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I'm basically thinking whether I could potentionally poison myself while neutralising strong acid/base by some weak base/acid when I accidentally spill it, touch it or when I'm cleaning reaction product.

Combinations of chemicals that are non-toxic in my opinion:

  • $\ce{HCl + NaHCO3}$
  • $\ce{H2SO4 + NaHCO3}$
  • $\ce{NaOH + CH3COOH}$

None of these are poisonous. I just thought these up, for example the first one produces table salt, $\ce{NaCl}$.

But could there be a combination of non-toxic acid and base that would produce some nasty salt when neutralised? Something worse than what I would be getting rid of?
Is there a combination where I should better just wash myself with water?

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For "everyday chemistry", I cannot think of an example besides that with bleach above.

Incidentally, mixing hydrogen peroxide and sulfuric acid to make piranha solution is another unsafe mixture. Aqua regia, mixing nitric and $HCl$ would be another problem. Both reagents should be avoided. That's not what you're asking.

Consider that typical "strong" acids and bases are highly ionic compounds. That is, the definition of a strong acid or base is one that dissociates completely in water.

So typical neutralization with weak acids and weak bases will still produce soluble salts.

There are caveats.

  1. Neutralization often is exothermic, and with common acids ($HCl$, $H_2SO_4$ and $HNO_3$ the heating effect can drive release of the gases, which are corrosive. So if you have concentrated acids, you should dilute significantly by pouring the acid into water before neutralization with weak base.
  2. Nitric acid. The various nitrous oxides are dangerous, and care must be used to prevent them from being released. Worse, nitric acid is a strong oxidizer and shouldn't be used with organic reagents, especially organic bases.

So the usual rules apply. Dilute, then neutralize carefully.

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While not an acid-base reaction, an example of mixing two relatively "safe" chemicals to form dangerous ones is bleach (sodium hypochlorite) plus ammonia - both common household chemicals. This reaction yields chloramine, dichloramine, and nitrogen trichloride, all more toxic and hazardous than bleach or ammonia.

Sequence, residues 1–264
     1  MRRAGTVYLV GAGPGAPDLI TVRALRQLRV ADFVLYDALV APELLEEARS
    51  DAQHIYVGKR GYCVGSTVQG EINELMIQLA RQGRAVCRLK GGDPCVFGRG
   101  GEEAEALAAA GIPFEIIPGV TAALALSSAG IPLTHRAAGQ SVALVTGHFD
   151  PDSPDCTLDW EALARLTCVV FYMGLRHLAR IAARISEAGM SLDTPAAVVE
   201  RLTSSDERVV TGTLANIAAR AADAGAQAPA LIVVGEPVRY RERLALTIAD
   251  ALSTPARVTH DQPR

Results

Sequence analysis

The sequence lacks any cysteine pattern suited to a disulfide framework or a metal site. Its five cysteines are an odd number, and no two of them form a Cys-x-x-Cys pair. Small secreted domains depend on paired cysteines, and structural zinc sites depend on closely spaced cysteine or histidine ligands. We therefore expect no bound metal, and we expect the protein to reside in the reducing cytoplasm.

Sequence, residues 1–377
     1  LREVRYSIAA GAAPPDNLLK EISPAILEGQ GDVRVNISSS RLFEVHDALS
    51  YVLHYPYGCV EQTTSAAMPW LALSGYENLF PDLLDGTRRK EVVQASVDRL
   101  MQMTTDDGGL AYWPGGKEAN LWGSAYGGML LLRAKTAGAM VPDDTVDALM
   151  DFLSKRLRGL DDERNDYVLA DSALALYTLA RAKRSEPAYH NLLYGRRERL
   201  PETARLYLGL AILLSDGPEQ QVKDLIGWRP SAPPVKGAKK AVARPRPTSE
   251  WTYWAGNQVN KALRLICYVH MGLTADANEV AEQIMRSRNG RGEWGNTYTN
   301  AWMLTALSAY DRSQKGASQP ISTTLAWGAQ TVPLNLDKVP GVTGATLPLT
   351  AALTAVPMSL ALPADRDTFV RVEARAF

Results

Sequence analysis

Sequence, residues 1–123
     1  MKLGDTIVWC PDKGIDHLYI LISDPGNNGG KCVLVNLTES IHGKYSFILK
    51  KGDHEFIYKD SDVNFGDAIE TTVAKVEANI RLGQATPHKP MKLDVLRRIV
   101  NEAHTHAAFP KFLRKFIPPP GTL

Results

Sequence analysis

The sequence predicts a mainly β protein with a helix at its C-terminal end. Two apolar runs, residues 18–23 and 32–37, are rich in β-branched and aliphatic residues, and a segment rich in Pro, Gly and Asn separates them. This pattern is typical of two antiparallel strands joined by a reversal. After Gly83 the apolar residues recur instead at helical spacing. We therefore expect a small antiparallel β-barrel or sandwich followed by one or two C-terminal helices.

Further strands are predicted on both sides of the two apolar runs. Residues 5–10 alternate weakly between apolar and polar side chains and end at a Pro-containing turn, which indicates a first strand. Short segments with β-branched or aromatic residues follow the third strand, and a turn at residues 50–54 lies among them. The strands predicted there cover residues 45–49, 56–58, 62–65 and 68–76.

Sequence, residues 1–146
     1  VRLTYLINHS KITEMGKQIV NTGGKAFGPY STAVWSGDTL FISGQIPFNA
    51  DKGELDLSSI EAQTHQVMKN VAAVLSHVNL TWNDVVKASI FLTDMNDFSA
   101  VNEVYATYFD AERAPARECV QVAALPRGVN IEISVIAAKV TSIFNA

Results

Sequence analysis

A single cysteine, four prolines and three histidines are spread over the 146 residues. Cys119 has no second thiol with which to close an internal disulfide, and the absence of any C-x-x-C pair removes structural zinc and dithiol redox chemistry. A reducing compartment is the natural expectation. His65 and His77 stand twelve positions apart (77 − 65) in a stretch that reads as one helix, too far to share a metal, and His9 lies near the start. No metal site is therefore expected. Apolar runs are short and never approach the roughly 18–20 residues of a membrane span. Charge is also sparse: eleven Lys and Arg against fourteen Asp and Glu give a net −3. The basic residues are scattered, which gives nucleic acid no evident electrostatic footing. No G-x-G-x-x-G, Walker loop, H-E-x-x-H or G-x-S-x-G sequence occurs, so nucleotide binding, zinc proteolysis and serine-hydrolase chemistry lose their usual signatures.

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  • $\begingroup$ That's a very good example! $\endgroup$ – Geoff Hutchison Sep 15 '14 at 15:39
  • $\begingroup$ Thank you, but I'm directly interested in acid-base neutralisation. Though a list of dangerous combinations would be very useful thing for everybody. $\endgroup$ – Tomáš Zato - Reinstate Monica Sep 15 '14 at 15:48
  • $\begingroup$ I'm asking about acid-base because I neutralise acid on my hands or equipment or solid product very often. $\endgroup$ – Tomáš Zato - Reinstate Monica Sep 15 '14 at 15:48
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    $\begingroup$ If we consider just acid-base reactions, then neutralizing a metal phosphide or arsenide would be an example - this would produce gases phosphine and arsine, which are quite toxic by inhalation. The metal phosphide or arsenide salts are toxic too, but do not pose an inhalation hazard. Same considerations apply to metal sulfides/selenides/tellurides. $\endgroup$ – iad22agp Sep 15 '14 at 21:06
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I can't think of any acid base examples where you will make something more toxic than what you are trying to neutralize.

That said I think you should always be washing with copious water. There's no reliable way to know how much material is on your skin, which means you won't know how much neutralizing agent to use. You are better off trying to dilute the acid or base dramatically to avoid its adverse effects. Furthermore, this gives you an immediate procedure to follow if a spill should occur. Instead of going through the process of considering what the nature of the contamination is, finding the appropriate counter-reagent, and approximating the amount needed for neutralization, just immediately go to the sink. The time saved is critical for minimizing injury.

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  • $\begingroup$ Indeed. I think one caveat here is $HF$. But if you're working with $HF$ you should research the safety protocols carefully. $\endgroup$ – Geoff Hutchison Sep 16 '14 at 3:32
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    $\begingroup$ Great point. I'm hoping that HF isn't considered a household chemical. $\endgroup$ – jerepierre Sep 16 '14 at 16:07

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